A 5,000-ton train suddenly goes off course and pierces the night, despite the traffic controller’s repeated orders to stop. This is not a sequel to Konchalovsky’s action-thriller ‘Runaway Train’.
The incident — dubbed “The Devil’s Train” by journalists — happened for real in Russia in 2004 when one train operator went mad.
At midnight of January 11, 2004, a crew of two — a train operator and his assistant — boarded the heavy cargo train №1908 at a train depot near Moscow and departed in the direction of St. Petersburg. They were the only two on the whole train: 31-year-old Eduard Gorchakov, the chief operator, and 24-year-old Alexander Abdurakhmanov, his assistant.
The crew received a green light and led the train into the night, leaving all potential witnesses behind.
Soon, an unforeseen emergency alarmed the traffic controller. When the train was approaching the Kukol station, it received the order to stop and let another heavy cargo train pass first. Assistant Abdurakhmanov reported that he understood the order and the train began to slow down. Yet, immediately after this, it suddenly sped up and passed the station, despite a forbidding signal and an arbitrarily changed direction — a gross violation of traffic rules fraught with disastrous consequences. The train sped up even further and embarked on a wild, uncontrolled ride in an unspecified direction.
Inside the cabin, two men were fighting for control of the train. Abdurakhmanov tried to regain control of the train and stop it, while Gorchakov — the chief operator — was accelerating. Gorchakov, a bigger and stronger man compared to his assistant, gained the upper hand and physically threatened the assistant, who had to give up eventually.
Unhindered, Gorchakov kept speeding up, breaking traffic rules and ignoring concerned messages from the traffic controller, leading the train to an inevitable wreck.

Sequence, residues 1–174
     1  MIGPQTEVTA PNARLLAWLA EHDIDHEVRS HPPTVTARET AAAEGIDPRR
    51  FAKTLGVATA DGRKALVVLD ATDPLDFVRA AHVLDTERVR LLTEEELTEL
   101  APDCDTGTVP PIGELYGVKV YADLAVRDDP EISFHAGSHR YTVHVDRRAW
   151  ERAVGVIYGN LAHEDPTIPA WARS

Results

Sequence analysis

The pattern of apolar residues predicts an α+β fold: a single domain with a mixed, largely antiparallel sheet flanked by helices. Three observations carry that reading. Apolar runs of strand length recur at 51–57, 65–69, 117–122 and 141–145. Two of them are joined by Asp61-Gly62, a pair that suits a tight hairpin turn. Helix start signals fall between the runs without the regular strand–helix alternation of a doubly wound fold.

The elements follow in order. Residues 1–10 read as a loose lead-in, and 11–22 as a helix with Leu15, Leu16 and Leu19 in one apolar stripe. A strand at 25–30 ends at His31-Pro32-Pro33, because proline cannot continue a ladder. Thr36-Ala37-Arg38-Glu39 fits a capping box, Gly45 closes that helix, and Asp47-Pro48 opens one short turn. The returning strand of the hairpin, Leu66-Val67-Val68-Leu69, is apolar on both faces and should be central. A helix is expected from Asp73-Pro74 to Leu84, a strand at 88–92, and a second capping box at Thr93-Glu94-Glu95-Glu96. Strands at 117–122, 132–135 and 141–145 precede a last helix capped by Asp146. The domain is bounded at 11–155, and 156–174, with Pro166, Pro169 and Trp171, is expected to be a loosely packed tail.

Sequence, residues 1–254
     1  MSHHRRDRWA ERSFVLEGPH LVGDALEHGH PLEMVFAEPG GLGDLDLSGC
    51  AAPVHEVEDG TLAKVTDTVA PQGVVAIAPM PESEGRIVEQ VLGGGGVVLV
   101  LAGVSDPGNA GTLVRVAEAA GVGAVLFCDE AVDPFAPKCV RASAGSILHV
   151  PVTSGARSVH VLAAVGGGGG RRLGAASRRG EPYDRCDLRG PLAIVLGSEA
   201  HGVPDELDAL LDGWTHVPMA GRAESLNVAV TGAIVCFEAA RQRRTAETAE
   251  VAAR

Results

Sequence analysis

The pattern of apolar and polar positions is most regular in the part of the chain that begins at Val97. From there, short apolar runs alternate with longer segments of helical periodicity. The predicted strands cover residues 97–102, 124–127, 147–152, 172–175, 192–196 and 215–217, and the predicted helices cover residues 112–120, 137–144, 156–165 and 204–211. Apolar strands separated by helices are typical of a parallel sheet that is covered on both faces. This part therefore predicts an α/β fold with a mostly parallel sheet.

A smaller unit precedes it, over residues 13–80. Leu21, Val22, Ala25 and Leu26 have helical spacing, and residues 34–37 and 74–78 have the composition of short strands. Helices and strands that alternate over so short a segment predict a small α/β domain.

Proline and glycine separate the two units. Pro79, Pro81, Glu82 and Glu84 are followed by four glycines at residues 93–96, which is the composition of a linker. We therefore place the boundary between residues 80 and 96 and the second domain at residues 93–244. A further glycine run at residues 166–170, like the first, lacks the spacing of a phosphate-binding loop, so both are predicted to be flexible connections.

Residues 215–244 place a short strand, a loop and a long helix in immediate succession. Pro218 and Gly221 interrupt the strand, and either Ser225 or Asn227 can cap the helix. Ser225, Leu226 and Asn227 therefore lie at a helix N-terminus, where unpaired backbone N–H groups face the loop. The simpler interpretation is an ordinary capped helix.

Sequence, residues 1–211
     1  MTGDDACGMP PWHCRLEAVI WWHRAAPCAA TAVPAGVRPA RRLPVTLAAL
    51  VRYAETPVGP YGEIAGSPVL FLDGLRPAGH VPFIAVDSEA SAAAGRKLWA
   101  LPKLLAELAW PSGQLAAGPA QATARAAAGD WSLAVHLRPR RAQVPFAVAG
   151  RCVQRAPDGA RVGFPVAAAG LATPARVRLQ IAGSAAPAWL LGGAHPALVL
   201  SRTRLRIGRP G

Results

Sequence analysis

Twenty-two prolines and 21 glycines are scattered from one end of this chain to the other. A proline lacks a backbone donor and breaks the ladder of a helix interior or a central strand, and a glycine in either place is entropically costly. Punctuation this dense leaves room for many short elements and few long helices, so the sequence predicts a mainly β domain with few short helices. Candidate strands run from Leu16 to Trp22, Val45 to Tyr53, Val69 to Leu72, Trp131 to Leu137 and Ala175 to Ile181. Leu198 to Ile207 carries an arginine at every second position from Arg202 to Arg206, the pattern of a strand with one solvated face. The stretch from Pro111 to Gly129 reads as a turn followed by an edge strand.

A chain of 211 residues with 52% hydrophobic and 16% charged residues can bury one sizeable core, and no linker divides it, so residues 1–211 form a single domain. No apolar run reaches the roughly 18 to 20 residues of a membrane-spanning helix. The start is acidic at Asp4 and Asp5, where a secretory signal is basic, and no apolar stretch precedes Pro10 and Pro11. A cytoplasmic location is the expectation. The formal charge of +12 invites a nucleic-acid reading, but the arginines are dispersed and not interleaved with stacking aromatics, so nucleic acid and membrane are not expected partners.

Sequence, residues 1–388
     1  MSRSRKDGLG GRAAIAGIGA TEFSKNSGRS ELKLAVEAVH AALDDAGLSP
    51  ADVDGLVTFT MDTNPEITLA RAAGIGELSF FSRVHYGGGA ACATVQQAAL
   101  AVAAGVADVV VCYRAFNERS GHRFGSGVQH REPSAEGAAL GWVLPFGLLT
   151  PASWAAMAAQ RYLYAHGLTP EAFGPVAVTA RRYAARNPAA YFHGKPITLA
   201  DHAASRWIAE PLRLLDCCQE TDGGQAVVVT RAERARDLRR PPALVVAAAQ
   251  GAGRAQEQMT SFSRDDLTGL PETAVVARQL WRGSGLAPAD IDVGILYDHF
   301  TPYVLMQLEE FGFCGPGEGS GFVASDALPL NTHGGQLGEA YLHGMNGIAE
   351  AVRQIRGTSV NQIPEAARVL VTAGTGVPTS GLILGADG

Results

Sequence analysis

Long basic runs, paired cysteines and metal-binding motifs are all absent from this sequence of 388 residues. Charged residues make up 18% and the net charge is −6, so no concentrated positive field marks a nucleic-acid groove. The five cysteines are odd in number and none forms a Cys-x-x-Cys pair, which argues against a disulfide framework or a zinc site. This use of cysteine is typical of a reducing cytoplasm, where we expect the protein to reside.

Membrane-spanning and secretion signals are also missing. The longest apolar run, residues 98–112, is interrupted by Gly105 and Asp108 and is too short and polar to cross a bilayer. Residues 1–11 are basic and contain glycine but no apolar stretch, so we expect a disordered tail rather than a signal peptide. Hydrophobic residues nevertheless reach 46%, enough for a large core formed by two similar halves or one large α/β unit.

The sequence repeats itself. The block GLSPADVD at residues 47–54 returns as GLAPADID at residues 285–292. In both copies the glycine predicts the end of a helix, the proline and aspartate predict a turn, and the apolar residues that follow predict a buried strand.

When a professional commission investigated the case, it concluded Gorchakov suffered from “acute delusional psychosis with aggressive tendencies”.
The person who was responsible for the safety of the trip suddenly became the chief safety hazard.
Surprisingly, Gorchakov had successfully passed routine professional examinations by psychological and medical commissions only a year before the incident. Both commissions ruled Gorchakov was stable and suited for the demanding job.
"A later investigation revealed the train operator was a deeply troubled man". The picture above is an illustration of standard safety procedures.Sergei Fadeichev/TASS
However, a later investigation revealed the train operator was a deeply troubled man who suffered from a disordered and unhappy personal life and also from overwork.
At the age of 30, Gorchakov’s personality reportedly underwent drastic changes: he suddenly became a devoted believer in God and, concurrently, left his wife of eight years for another woman.
His new wife quickly became disenchanted with her partner and the couple broke up only a month after they had twins.
“Eduard has changed before my eyes. He was not interested in anything except football and was absolutely helpless in everyday life,” she reportedly told journalists after the incident. On one occasion, he reportedly told his wife, “God will help,” when asked to help her with the child’s diapers.
In his church, Eduard’s behavior raised suspicion, too, even though it had never been reported before the incident. One of the priests who had interacted with the train operator before the incident said Gorchakov was depressed before the dramatic trip. “Demons raged inside him,” the priest reportedly said.
Fortunately for everyone, traffic controllers were able to immobilize the train by disconnecting it from the power supply which forced it to slow down and eventually stop. Thankfully, nobody was hurt during the mad race through the night.
When the police arrived at the scene, they discovered the chief train operator on the floor in a deranged state.
A later investigation also discovered numerous violations of the professional routine that happened before the incident, including the fact that the depot’s staff had covered the fact that Gorchakov was late for his shift and had to undergo routine pre-ride security procedures hastily.
Controlled by an ill person, the train covered 40 kilometers and reached a maximum speed of 95 km/h (59 mph), a dangerously high threshold for a heavy cargo train. In the press, the incident was rightfully dubbed “The Devil’s train” and “The ride to nowhere”.
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